Start by bringing up a command prompt in administrator mode, and use the following command to get permissions

takeown /f C:\Windows\System32\Utilman.exe

You should get a confirming message claiming that the executable is now owned by your user account. Great, now let's fiddle around with the executable and it's permissions. Navigate to the System32 folder and locate the Utilman executable file. Right click on it, and click on properties. You should get this window

Utilman.exe properties window

Click on the Security tab, click on the SYSTEM user in the upper list, and then click on the Edit button.
Read and Read & Execute rights should be disabled like this

Utilman.exe permissions

Click on Apply and you should be good to go!

Can PowerShell replace your old batch installation scripts?

 •  Filed under powershell, batch, automation, scripting, windows

PowerShell can be a very useful scripting language for specific tasks. Back in the old days batch scripts were the way to go for software deployment automation, often shipped with other executables to extend functionality. PowerShell adds tons of available features in one package by Microsoft, which was not possible with just a single bash script. My goal was to create a script that automates the deployment of Git for Windows, with features like architecture detection and more.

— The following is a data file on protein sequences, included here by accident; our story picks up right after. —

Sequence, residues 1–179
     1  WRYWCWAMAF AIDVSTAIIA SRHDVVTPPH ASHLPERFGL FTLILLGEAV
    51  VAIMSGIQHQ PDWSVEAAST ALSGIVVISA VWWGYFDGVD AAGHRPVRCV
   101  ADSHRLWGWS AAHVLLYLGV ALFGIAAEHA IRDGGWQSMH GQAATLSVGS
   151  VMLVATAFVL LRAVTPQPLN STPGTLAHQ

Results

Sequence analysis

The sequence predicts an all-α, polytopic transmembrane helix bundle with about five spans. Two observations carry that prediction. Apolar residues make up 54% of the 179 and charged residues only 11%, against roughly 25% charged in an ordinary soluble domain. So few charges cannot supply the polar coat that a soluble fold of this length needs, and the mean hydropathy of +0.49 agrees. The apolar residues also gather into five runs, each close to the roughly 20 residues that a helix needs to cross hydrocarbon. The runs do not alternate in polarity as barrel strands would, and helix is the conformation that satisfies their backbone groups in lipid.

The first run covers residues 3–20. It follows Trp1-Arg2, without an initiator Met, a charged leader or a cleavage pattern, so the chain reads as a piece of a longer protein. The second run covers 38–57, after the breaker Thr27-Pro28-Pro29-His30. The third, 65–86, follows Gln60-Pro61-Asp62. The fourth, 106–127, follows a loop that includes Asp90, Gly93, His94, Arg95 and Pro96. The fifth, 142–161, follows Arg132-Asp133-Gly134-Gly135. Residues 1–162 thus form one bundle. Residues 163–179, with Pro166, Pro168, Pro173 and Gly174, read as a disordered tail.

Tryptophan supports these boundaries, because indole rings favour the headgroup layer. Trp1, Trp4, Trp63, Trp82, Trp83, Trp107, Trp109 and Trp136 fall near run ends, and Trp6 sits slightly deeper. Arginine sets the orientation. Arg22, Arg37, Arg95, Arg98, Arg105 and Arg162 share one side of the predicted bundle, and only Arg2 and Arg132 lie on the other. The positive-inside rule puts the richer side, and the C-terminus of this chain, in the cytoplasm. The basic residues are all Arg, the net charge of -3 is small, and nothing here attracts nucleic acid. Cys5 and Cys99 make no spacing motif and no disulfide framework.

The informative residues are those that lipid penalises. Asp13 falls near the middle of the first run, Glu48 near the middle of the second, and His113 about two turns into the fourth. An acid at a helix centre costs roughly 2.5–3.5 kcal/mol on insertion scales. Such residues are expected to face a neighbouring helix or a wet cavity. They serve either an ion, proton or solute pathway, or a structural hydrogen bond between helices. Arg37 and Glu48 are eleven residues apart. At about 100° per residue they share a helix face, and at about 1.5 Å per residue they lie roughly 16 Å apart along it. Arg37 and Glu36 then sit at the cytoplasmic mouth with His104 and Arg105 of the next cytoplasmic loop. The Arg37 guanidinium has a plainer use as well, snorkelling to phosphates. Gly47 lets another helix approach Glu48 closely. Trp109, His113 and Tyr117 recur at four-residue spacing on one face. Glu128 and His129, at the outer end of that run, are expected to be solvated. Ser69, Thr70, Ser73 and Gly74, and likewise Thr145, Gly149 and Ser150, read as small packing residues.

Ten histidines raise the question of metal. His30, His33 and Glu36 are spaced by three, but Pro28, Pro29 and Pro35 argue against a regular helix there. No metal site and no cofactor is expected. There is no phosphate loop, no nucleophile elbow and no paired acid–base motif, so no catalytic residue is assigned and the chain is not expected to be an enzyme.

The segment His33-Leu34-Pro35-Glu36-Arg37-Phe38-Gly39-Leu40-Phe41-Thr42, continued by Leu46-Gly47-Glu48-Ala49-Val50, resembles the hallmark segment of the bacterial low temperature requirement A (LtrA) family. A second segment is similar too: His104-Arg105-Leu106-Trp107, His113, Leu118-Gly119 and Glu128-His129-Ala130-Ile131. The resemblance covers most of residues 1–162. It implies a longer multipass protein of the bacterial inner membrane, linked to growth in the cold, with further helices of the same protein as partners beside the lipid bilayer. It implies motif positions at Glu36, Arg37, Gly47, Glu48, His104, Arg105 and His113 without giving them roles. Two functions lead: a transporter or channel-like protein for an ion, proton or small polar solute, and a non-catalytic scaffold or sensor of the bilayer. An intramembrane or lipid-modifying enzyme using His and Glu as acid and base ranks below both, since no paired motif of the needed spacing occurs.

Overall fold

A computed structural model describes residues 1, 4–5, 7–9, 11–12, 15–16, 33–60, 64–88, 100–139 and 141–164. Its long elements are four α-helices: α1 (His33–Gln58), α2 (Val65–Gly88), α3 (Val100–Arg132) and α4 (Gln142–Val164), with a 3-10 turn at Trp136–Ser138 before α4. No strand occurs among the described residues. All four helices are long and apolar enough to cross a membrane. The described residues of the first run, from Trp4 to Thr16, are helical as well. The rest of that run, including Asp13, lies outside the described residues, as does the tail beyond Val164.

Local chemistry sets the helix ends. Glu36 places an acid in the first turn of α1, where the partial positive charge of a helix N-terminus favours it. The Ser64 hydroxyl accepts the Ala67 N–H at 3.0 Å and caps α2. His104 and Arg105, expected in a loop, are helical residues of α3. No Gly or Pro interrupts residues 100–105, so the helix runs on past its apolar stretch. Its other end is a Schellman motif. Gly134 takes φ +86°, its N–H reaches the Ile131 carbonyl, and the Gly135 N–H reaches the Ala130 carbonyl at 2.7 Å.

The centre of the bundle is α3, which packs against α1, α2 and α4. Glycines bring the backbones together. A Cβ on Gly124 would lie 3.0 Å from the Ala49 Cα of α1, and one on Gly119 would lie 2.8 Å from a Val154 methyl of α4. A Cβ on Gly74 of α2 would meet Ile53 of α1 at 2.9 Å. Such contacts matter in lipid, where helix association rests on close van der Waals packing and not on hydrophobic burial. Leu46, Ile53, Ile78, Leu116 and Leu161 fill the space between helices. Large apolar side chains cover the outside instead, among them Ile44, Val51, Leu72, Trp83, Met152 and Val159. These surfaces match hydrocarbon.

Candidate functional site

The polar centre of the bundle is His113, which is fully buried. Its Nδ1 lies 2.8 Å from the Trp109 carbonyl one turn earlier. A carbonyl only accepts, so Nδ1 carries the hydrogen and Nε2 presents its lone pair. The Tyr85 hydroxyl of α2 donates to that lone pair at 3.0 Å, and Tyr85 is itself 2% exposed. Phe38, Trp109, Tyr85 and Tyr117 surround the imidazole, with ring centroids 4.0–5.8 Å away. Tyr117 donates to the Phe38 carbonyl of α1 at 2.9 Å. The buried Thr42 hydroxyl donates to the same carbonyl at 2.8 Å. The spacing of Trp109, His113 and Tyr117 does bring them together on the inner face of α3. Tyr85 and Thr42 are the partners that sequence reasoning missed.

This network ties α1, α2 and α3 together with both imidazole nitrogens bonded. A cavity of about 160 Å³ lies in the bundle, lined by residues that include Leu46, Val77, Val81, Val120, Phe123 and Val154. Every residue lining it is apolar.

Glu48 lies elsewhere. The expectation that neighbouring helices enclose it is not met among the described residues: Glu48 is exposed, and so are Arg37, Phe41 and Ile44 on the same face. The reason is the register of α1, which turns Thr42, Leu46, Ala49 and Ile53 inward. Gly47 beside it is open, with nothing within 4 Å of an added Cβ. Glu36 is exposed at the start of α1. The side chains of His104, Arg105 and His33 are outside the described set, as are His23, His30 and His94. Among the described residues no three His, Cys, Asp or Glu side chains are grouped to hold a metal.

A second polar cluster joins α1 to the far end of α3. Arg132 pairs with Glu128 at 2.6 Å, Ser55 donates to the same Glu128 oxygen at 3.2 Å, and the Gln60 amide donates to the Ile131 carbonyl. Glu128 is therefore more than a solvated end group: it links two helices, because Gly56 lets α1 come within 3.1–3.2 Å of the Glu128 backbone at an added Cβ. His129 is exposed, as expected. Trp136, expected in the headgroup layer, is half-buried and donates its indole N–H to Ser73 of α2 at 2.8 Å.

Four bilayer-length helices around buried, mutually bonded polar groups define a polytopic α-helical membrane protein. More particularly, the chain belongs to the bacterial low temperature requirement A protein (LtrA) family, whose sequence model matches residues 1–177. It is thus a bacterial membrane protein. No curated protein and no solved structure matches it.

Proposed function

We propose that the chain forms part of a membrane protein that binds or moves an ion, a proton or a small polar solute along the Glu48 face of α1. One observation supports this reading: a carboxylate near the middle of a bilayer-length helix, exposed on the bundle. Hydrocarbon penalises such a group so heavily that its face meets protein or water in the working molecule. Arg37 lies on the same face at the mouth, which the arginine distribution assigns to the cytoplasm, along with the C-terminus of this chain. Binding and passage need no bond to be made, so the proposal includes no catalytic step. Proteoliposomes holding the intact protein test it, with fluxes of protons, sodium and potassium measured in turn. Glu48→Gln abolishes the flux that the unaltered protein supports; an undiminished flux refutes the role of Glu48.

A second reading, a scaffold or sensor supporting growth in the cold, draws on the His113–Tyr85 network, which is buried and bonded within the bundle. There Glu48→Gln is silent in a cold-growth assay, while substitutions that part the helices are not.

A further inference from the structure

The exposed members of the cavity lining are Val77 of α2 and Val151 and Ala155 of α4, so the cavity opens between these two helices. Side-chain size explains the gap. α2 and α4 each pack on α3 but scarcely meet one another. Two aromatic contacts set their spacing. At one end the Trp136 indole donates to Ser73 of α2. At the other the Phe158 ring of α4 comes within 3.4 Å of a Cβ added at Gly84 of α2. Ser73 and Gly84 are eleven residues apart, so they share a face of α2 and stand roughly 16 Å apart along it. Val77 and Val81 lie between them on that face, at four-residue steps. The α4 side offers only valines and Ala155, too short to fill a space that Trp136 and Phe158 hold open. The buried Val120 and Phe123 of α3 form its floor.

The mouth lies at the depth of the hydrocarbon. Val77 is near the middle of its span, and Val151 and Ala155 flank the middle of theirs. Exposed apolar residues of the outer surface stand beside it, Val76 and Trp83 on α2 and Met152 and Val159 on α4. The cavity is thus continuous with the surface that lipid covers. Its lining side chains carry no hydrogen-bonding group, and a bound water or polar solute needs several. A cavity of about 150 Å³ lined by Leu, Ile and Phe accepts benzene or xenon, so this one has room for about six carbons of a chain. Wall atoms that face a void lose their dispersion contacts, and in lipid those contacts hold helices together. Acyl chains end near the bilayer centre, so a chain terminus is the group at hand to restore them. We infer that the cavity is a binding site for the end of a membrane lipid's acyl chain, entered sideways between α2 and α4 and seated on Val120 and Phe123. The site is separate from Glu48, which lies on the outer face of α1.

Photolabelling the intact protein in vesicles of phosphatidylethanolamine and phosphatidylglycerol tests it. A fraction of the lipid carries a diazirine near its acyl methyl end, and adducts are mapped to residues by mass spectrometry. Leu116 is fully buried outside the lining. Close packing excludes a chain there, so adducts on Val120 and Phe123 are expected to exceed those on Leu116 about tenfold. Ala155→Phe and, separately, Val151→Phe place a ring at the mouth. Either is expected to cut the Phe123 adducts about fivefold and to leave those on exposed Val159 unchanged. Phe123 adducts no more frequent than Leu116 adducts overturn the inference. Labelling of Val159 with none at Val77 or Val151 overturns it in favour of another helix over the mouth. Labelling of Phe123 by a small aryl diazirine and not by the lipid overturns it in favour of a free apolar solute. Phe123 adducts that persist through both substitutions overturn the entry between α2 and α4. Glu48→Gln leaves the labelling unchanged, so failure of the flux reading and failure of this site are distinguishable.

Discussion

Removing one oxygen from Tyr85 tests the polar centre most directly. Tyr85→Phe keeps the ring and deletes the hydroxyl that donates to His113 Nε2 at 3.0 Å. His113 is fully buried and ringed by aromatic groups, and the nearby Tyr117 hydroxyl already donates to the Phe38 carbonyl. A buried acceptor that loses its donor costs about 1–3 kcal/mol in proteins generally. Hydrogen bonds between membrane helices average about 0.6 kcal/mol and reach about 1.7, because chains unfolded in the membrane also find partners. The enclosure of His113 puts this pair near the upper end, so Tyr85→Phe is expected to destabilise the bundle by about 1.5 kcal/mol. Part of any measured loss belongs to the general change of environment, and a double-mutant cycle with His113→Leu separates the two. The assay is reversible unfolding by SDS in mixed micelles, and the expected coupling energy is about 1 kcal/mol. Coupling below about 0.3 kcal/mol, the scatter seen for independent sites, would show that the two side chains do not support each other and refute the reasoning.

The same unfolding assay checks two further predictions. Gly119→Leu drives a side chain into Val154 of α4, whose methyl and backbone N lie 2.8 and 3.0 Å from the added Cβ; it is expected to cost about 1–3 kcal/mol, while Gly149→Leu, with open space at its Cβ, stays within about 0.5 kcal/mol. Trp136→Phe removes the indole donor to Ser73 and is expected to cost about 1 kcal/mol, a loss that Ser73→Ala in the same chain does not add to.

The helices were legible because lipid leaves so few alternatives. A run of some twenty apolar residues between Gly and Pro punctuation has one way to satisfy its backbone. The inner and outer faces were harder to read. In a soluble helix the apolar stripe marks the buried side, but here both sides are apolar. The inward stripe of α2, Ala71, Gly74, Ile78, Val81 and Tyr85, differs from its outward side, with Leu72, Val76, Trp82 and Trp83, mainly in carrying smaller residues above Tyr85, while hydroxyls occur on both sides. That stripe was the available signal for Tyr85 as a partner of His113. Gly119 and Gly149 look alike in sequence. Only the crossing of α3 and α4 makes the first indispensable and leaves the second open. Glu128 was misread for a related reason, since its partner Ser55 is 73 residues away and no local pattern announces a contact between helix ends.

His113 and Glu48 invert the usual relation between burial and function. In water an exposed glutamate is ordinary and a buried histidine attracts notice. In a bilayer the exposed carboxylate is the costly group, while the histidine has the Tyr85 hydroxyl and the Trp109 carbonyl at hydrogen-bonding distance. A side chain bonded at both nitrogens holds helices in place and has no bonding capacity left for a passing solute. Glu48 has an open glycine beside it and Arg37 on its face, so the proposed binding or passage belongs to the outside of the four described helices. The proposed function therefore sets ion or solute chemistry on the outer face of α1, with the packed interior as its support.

The plan

A great project always starts with a great plan, so here is a feature list that I have written and used for the development process of the script:

  • 32/64-bit detection;
  • Install path in the current user's PATH-variable;
  • Download the latest version of Git for Windows and VLC;
  • Remove any left over files automatically

Fetching installation files at runtime

Another great thing about PowerShell is that it perfectly integrates with the .NET framework. For example, you can create new .NET objects with the New-Object function. Here's a working example to download a file from the internet to your computer:

<# Simple download script demonstration #>

$SystemDrive = $env:SystemDrive
$downloadFile = "http://get.videolan.org/vlc/2.2.3/win32/vlc-2.2.3-win32.exe";
$destinationFile = "$SystemDrive\Users\Bart\Desktop\vlc-x86.exe";

(New-Object System.Net.WebClient).DownloadFile($downloadFile, $destinationFile);

There are also different ways of downloading files in PowerShell, but this is the fastest way of getting the job done. The minimal PowerShell version required to run this script is version 2. An alternative way of downloading files, called Invoke-WebRequest was introduced in PowerShell version 3 and that explains why this command didn't work on a Windows 7 install.